Homes, Churches Torched In New Anti-Christian Attacks In India State

Wednesday, September 3, 2008

By BosNewsLife Asia Service with BosNewsLife Correspondents

BHUBANESHWAR, INDIA (BosNewsLife) -- Suspected Hindu militants set fire to several houses in India's eastern state of Orissa Monday, September 1, where church groups said recent attacks against Christians left at least 36 people dead.

Senior police official Gopal Chandra Nanda would not say whether the burned homes belonged to Hindus or Christians, but said an investigation was under way. The attacks took place in Tikabali, a town in Kandhamal district that has been the center of the unrest. Police have imposed a strict curfew across the district for the past week, news reports said.

Monday's clashes, in which no one was reportedly injured, came as a Maoist group claimed responsibility for killing a leader of the radical Hindu group Vishwa Hindu Parishad (VHP), or 'World Hindu Council' and four followers August 23.

In a statement to Indian media, the Communist Party of India (Maoist) said it had killed Swami Laxmanananda Saraswati and his four co-workers to end "endless persecution" of religious minorities in the country.


The group reportedly alleged that Saraswati was a "rabid anti-Christian ideologue and persecutor of innocent Christians and was responsible for the burning down of over 400 churches in Khandamal district alone".

Church leaders, including Pope Benedict XVI, have however condemned the killing of the Hindu leader, which sparked last week's attacks against Orissa's Christian minority. At least one woman was burned to death in the violence, church and official sources said. The Press Trust of India (PTI) quoted officials as saying at least 558 houses and 17 places of worship were also torched in the riots, that followed the killing of VHP leader.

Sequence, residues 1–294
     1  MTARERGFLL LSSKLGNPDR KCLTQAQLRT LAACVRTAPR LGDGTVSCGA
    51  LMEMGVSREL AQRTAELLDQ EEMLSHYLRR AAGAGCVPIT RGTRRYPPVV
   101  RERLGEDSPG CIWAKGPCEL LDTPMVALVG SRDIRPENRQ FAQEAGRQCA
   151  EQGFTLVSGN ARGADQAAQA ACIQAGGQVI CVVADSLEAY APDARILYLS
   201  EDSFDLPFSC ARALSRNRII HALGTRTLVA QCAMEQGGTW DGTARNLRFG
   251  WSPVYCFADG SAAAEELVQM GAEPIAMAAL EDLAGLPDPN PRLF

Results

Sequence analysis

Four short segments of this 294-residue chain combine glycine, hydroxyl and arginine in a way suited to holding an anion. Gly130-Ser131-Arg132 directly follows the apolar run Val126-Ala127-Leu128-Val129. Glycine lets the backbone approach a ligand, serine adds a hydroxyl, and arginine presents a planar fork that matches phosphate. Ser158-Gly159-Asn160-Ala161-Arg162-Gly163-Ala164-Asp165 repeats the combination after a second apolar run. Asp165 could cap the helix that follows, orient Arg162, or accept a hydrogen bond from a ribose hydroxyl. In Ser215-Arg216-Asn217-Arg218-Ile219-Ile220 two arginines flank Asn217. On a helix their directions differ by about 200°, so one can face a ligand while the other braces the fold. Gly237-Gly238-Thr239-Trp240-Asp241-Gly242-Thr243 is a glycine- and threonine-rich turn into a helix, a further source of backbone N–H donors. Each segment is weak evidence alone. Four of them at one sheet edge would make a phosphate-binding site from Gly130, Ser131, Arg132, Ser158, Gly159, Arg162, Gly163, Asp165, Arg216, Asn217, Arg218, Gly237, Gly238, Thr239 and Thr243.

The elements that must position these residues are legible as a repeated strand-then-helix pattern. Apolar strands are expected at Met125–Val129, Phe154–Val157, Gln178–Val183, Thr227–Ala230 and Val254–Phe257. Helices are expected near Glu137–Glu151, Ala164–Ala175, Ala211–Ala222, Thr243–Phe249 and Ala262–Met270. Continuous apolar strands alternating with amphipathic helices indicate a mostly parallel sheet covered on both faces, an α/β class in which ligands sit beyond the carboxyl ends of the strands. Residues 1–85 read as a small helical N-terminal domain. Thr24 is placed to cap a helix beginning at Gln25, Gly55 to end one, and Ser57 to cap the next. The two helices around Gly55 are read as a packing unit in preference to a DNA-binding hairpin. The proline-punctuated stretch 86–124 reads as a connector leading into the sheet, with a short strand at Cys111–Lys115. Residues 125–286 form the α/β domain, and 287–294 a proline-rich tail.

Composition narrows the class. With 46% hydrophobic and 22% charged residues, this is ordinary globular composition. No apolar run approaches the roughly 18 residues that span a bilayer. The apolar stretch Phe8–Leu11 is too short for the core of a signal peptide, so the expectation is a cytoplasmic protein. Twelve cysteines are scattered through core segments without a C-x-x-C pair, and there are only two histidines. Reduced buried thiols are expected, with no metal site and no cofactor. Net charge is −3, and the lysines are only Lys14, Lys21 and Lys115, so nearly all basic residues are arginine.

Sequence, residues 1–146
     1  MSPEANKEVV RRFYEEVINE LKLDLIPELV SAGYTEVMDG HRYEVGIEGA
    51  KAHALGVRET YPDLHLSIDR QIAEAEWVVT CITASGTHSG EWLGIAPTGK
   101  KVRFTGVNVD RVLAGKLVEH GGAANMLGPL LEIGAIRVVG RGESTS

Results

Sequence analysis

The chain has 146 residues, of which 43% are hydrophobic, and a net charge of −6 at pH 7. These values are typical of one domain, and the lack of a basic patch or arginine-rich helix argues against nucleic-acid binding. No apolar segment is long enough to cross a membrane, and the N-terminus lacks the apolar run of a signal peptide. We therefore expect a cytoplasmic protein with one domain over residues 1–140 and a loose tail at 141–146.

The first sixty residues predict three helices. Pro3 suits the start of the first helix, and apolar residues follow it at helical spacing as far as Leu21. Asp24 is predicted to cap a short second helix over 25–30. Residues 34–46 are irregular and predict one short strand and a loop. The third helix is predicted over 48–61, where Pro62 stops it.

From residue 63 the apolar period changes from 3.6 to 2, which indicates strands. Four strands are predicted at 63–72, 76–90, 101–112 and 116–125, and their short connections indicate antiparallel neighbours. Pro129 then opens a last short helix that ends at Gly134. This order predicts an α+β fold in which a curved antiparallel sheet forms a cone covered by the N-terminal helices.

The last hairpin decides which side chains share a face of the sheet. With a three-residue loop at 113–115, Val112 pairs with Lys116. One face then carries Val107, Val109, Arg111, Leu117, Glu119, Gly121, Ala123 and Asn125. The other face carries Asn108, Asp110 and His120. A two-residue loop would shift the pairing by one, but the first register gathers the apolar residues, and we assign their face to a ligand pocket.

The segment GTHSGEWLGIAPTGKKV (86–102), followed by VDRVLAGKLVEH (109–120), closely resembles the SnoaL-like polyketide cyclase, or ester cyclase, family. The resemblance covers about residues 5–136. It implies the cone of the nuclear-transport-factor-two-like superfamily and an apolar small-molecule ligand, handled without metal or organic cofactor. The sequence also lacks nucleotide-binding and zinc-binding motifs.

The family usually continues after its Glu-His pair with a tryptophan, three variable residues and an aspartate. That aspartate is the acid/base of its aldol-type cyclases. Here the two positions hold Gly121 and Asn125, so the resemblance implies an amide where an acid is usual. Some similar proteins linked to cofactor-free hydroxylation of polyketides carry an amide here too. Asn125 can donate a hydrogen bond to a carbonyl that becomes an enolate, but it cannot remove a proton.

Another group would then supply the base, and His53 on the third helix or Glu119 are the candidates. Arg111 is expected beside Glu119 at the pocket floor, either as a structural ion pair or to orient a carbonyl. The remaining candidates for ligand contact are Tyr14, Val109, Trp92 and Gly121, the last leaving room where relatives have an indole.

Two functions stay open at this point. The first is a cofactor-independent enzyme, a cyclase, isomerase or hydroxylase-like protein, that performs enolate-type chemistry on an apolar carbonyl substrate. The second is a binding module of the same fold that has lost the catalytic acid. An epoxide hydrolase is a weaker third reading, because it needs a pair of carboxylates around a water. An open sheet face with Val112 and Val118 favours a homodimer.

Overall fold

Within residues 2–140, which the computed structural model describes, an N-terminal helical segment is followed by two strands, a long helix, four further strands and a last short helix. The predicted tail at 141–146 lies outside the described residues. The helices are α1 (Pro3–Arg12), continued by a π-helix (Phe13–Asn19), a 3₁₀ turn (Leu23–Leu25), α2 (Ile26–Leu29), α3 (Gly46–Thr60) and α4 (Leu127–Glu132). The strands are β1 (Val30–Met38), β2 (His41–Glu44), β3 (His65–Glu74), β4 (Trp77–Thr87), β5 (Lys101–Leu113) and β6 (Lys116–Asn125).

The Indian government reportedly send some 5,500 additional security forces to the strife-torn Kandhamal and Koraput districts, in an effort to keep law and order there, amid reports that violence had spread to at least three other areas in Orissa.

On Sunday, August 31, four small churches were burned in a village in southern Orissa, an area that had not seen recent Christian-Hindu violence, but no one was injured, police said. Thousands have fled their homes and many were believed to still hide in jungle areas, Monday, September 1.


The state has a history of Hindu-Christian tensions, generally fueled by Hindu suspicions about Christian missionary work among the rural poor, according to rights groups. Thousands of poor and lower-caste Hindus have converted to Christianity, often in an attempt to escape the rigid confines of Hinduism's complex caste system.

That has long embittered Hindu groups who say Christian missionaries try to lure the poor and those on the lowest rungs away with promises of money and jobs. Churches deny that the converts have been pressured or bribed, saying that believing in Jesus Christ is a free choice.

The violence in Orissa is the worst in nearly a decade. Last year at least four people were killed and nearly 20 churches destroyed in similar clashes. An Australian missionary and his two sons, aged 8 and 10, were burned to death in their car in Orissa following a Bible study class in 1999, prosecutors said.

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